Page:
Range logging may be introduced to the system to optimize the logging time and space requirements. To reproduce the logging information from a range in the IUD log, the range and the table may be joined.

To obtain a better availability, deferred refresh operations may be broken into multiple transactions. This new refresh approach may be referred to as a multi-transaction refresh. A materialized view that is refreshed using a multi-transaction refresh may be referred to as a “highly available materialized view.” Because the refresh algorithm is broken into short fractions, each executed in a different transaction, each fraction of the original refresh is lighter and faster and therefore the materialized view rows that are updated by each refresh transaction will be released shortly and will be available for querying. Even though the breaking of the refresh into smaller fractions might cause some performance deterioration, the availability of highly available materialized view may be improved with respect to other materialized views.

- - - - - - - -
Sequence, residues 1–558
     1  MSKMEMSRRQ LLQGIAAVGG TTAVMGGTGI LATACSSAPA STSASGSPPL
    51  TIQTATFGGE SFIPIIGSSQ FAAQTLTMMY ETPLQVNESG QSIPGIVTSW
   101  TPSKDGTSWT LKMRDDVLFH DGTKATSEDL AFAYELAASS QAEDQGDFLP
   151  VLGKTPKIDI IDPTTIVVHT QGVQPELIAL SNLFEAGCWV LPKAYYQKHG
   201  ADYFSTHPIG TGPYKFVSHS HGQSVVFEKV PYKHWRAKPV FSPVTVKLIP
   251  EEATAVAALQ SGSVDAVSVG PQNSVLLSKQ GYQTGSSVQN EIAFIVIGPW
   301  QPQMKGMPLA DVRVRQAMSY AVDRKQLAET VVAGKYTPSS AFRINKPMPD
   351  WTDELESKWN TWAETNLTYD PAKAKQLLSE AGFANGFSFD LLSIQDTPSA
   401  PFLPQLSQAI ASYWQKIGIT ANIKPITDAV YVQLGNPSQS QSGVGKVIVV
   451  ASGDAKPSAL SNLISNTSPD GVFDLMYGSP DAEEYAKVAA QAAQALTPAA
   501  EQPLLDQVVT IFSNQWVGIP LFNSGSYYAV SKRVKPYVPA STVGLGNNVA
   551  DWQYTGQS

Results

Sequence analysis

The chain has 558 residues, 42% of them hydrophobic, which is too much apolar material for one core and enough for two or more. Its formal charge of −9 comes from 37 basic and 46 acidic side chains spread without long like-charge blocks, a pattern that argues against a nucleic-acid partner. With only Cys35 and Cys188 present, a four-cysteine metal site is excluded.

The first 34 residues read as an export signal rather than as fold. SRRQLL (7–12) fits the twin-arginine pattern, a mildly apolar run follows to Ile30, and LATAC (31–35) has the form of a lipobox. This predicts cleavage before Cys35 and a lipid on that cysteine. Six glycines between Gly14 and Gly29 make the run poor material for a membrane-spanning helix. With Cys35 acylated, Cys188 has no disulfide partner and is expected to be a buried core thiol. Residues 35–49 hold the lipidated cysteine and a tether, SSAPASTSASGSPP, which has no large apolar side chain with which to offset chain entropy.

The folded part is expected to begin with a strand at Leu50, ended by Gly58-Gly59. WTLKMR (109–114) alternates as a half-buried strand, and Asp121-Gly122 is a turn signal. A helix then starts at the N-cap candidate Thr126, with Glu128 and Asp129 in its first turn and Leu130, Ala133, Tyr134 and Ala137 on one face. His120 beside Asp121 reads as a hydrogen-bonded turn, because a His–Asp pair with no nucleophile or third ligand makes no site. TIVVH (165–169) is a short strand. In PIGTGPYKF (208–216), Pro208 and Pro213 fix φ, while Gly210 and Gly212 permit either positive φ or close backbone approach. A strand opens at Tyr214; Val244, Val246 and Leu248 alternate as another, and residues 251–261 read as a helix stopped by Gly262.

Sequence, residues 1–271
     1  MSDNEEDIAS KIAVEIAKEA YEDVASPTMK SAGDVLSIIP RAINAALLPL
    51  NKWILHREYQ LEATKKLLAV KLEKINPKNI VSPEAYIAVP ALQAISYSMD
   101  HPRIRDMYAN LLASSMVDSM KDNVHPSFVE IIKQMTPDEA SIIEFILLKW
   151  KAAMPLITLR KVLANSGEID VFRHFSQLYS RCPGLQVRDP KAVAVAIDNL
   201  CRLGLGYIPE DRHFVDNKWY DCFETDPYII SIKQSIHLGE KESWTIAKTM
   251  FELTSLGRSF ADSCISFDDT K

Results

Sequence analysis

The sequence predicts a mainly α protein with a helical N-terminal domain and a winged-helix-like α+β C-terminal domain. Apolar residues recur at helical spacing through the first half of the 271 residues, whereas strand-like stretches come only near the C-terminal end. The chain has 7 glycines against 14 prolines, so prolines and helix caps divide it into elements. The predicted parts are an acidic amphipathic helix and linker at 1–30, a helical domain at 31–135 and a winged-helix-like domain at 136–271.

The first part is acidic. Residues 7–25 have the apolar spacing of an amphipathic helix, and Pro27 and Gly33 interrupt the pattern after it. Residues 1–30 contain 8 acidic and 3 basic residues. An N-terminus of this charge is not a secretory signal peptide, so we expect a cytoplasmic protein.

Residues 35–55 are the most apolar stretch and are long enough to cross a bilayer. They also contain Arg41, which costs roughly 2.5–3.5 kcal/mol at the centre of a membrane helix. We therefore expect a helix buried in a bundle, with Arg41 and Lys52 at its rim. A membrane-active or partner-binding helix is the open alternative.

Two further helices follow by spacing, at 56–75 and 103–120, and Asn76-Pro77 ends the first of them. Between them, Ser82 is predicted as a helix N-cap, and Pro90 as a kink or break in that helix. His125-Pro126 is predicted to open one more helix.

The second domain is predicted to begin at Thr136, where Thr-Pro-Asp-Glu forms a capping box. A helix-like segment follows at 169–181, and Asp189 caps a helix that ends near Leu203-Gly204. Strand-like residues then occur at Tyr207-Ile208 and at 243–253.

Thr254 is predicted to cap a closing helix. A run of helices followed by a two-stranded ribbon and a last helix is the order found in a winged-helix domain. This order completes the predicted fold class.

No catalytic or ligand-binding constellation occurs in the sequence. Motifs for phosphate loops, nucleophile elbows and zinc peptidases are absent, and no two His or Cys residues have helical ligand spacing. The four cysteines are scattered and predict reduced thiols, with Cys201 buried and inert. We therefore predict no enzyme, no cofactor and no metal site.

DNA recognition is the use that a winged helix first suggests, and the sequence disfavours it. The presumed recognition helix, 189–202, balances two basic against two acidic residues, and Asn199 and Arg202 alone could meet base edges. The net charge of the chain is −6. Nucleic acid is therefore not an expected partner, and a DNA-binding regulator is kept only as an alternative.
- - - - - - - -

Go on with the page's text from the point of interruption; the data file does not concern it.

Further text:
Because the refresh process is broken into multiple transactions, the atomicity of the refresh operation is not guaranteed by the transactional system. Accordingly, both the multi-transaction refresh algorithm and the multi-transaction refresh recovery algorithm may be addressed in embodiments of the present invention.

In embodiments of the present invention, two solutions of highly available materialized views may be employed. One of these solutions is applicable only for single-delta materialized views. A single-delta materialized view is a materialized view that can be refreshed based on changes (delta) of a single table. For example, a single delta materialized view is a SUM aggregate on a single table. A single-delta materialized view must satisfy the following requirement: the materialized view is based either on a single table, or on a join where only one of the tables should observe its delta (e.g. the other tables are insert only lookup tables in which a foreign key is defined on the join predicate). A foreign key is an attribute or collection of attributes that corresponds to or refers to a primary key in another table of the database.